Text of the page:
10th International Conference on Geomorphology
© Author(s) 2022. This work is distributed under
the Creative Commons Attribution 4.0 License.

Monitoring hillslope hydrology associated with rocky outcrops in an abrupt contact with talus deposits

Jenifer da Silva Roméro1, Maria Maria Rocha Lamas2, Nelson Ferreira Fernandes2, and Eurípedes do Amaral Vargas Junior3
Jenifer da Silva Roméro et al.
  • 1Department of Geology, Federal University of Rio de Janeiro, UFRJ
  • 2Department of Geography, Federal University of Rio de Janeiro, UFRJ
  • 3Pontifical Catholic University of Rio de Janeiro, PUC-Rio

Hillslope hydrology is a major factor controlling the spatial and temporal distribution of landslides in the mountainous landscape of southeastern Brazil. Previous studies have attested that the movement of water through preferential soil paths and bedrock fractures contributes to the development of hydrologic conditions required to trigger landslides in the region. In Rio de Janeiro, the upper portions of many hillslopes are characterized by rocky outcrops of unweathered granites and gneisses, with thick talus deposits on the lower parts. Although most hydrological studies carried out in the region consider the surficial effects of the impermeable rocky surfaces, the effects of fractures on infiltration and exfiltration have not been extensively considered, as well as lateral flows at the soil-bedrock boundary. In this study, we monitor an experimental hillslope in the city of Petrópolis (Rio de Janeiro) to understand how the rocky outcrops, the fractures present in the bedrock and the talus deposit stratigraphy interact and define the hydrological behavior of this environment. Three matric potential nests were installed in a transect along the hillslope (upper, middle and lower portions), each one with 7 sensors installed from the soil surface to the soil-bedrock boundary (between 4.0 and 5.0 m depths), with readings every one hour. The main soil physical properties were characterized on the samples retrieved from the drillings and two geophysical methods were integrated, the GPR (Ground Penetrating Radar) to investigate soil depth and the VLF (Very Low Frequency) to map bedrock fractures. Our results suggest the occurrence of preferential subsurface flows conditioned by soil stratigraphy and the presence of fractures in the bedrock. The rocky outcrop causes an increase in soil moisture in the upper soil layers in the upper and middle positions of the hillslope, favoring the entrance of water into the upper parts and the generation of lateral and ascending subsurface flows along the soil-rock interface zone during heavy rains. Geophysical data suggests that the talus deposit has a higher concentration of boulders in the middle and upper portions of the hillslope and the presence of bedrock discontinuities that were interpreted as fractures that have the same NE-SW dip direction of the main regional trend. Our results suggest that both the rocky outcrop and the bedrock fractures control the development of subsurface flows and the generation of high positive pore-pressures along the hillslope profile.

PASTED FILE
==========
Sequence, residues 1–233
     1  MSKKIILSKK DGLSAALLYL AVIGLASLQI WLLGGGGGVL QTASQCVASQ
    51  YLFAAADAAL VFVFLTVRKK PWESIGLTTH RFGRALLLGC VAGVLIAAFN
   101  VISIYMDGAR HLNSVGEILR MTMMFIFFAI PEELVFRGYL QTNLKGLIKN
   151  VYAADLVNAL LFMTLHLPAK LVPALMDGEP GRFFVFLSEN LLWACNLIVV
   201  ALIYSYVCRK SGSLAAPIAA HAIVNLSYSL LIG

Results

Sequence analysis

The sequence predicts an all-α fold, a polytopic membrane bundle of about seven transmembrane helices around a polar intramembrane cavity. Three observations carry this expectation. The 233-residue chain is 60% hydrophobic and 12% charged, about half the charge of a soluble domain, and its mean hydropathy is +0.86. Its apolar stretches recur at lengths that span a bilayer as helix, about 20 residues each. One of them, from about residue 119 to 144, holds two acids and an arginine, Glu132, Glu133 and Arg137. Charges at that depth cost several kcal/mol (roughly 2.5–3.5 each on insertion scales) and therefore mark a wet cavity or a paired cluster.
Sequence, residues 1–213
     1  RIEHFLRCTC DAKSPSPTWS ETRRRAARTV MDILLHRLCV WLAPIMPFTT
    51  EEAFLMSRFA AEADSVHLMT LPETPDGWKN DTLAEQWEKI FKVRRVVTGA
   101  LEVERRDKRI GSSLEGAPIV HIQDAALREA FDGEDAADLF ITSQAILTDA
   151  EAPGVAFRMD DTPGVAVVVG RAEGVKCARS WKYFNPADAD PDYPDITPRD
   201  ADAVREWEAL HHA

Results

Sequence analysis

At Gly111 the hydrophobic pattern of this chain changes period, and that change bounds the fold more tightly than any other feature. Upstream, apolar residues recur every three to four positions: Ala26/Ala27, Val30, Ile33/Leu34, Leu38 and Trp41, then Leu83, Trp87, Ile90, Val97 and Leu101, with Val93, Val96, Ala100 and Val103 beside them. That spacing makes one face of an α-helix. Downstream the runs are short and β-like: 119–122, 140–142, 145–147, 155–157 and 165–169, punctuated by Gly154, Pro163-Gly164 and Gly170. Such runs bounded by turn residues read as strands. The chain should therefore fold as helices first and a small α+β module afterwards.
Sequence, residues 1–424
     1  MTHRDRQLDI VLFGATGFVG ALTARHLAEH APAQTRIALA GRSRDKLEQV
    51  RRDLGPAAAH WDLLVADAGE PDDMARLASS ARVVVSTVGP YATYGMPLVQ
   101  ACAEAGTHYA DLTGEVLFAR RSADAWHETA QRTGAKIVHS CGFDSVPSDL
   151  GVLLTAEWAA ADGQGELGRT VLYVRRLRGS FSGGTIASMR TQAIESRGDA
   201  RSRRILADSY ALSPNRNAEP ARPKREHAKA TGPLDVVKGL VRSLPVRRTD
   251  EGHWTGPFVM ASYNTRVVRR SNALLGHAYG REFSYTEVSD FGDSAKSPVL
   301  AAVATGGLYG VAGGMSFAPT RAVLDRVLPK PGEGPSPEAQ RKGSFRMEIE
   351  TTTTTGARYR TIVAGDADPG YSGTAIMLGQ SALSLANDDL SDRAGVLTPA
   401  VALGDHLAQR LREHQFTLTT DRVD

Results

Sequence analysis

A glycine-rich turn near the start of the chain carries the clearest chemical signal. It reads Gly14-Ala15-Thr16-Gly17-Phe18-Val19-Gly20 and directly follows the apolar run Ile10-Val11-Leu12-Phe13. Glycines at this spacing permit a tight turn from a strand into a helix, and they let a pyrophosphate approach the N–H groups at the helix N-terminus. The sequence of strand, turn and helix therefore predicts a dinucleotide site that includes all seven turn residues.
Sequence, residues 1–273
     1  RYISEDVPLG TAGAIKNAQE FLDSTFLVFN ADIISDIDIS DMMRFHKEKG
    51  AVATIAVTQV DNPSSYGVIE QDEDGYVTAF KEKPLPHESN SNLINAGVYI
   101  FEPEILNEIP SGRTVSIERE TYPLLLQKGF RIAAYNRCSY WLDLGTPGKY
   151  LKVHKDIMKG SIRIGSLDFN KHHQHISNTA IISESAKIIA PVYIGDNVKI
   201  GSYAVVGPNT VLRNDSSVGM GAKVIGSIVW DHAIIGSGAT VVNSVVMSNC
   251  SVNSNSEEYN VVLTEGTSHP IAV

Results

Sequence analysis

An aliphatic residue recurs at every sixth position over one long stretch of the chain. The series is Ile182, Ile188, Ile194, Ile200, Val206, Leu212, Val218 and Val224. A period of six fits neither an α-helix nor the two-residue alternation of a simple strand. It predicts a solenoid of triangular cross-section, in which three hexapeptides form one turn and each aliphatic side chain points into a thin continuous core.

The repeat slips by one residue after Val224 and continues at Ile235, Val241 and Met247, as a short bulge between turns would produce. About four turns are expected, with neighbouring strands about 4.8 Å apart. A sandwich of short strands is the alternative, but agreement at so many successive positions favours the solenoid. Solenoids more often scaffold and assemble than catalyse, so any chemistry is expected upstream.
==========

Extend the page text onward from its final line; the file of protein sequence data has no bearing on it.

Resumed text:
How to cite: da Silva Roméro, J., Rocha Lamas, M. M., Ferreira Fernandes, N., and do Amaral Vargas Junior, E.: Monitoring hillslope hydrology associated with rocky outcrops in an abrupt contact with talus deposits, 10th International Conference on Geomorphology, Coimbra, Portugal, 12–16 Sep 2022, ICG2022-714, https://doi.org/10.5194/icg2022-714, 2022.